Skip to main contentSkip to main content
You have permission to edit this article.

Congresswoman Declines Perot Proposal To Share Ticket

  • Updated
  • 0

DALLAS (AP) -- Ross Perot asked U.S. Rep. Marcy Kaptur to be vice president on his Reform Party ticket, but the Ohio Democrat declined the offer, sources said Thursday.

Kaptur visited with Perot on July 26 and the Texas billionaire asked her then to fill the vice presidential slot, but the seven-term congresswoman told Perot on Tuesday that she was not interested.

In a statement from Kaptur released by her office Thursday, the lawmaker declined to confirm that Perot had made the offer, but said of reports about it, "Ross Perot and I have been allies on a number of issues and I frequently have conversations with him. I am surprised and honored to be the subject of so much speculation."

"As a daughter of a blue-collar family in Toledo, I have a job that I love, and I feel deeply privileged to serve our people," she said. "It is my hope to continue serving our northwest Ohio community and our state as long as the voters give me the honor to represent them."

Democratic Party officials familiar with Perot's overture to Kaptur, speaking on condition of anonymity, confirmed the report Thursday. The Dallas Morning News first reported the offer.

Kaptur represents a primarily Democratic Toledo district that is home to many auto workers. She spoke at an August 1995 convention in Dallas hosted by Perot and was well received because of her opposition to the North American Free Trade Agreement, which is also opposed by Perot.

Perot spokeswoman Sharon Holman said Perot's running mate won't be announced until the Reform Party nominee is selected.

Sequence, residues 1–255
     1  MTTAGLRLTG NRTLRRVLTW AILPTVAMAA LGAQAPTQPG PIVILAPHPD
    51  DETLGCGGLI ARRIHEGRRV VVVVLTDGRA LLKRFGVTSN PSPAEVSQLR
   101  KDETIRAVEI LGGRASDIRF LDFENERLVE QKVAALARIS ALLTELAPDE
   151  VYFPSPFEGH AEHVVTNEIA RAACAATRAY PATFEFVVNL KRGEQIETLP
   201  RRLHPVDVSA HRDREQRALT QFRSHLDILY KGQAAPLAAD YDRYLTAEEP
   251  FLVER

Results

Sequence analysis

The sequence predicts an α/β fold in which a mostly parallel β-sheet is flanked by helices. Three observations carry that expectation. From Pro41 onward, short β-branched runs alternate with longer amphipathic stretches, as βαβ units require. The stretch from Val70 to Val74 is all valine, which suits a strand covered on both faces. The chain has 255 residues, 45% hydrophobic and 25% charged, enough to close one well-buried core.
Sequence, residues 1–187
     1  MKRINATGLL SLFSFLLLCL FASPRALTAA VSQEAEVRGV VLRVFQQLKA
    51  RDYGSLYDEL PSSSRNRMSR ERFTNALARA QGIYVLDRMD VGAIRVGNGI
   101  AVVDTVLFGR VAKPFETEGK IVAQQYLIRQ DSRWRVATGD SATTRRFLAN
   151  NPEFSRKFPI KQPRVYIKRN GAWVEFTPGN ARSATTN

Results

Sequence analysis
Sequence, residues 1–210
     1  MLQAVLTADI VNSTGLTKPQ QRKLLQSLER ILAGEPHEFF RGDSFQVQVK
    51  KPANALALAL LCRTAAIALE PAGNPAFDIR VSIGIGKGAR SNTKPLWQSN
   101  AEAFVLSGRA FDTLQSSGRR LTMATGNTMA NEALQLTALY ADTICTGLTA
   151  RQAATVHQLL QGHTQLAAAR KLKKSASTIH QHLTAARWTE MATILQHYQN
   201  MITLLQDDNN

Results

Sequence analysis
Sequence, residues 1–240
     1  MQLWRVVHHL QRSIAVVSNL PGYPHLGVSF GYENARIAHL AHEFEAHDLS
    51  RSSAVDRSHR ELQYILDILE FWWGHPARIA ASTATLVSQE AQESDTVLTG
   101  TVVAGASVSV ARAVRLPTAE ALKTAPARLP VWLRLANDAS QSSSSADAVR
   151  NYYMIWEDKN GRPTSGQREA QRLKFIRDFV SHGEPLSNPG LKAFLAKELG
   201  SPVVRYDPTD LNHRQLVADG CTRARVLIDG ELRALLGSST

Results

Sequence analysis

"We will wait and see who the nominee is," she said. "It's typical that Mr. Perot does not comment on any conversations he has."

Perot is running against former Colorado Gov. Richard Lamm for the party nomination. Lamm has former Republican congressman Ed Zschau of California as his running mate.

The nominee will be announced sometime Saturday afternoon or evening, said Reform Party national coordinator Russ Verney.

About 1.1 million eligible voters may cast their ballots by mail, computer or telephone. The accounting firm of Ernst & Young is overseeing the Reform Party's voting process.

The party is encouraging members to vote by close of business on Friday. The nominee will be presented to Reform Party members on Sunday in Valley Forge, Pa., where the party is holding the second half of its two-part convention.

* I understand and agree that registration on or use of this site constitutes agreement to its user agreement and privacy policy.

Related to this story

Get up-to-the-minute news sent straight to your device.


Breaking News

News Alert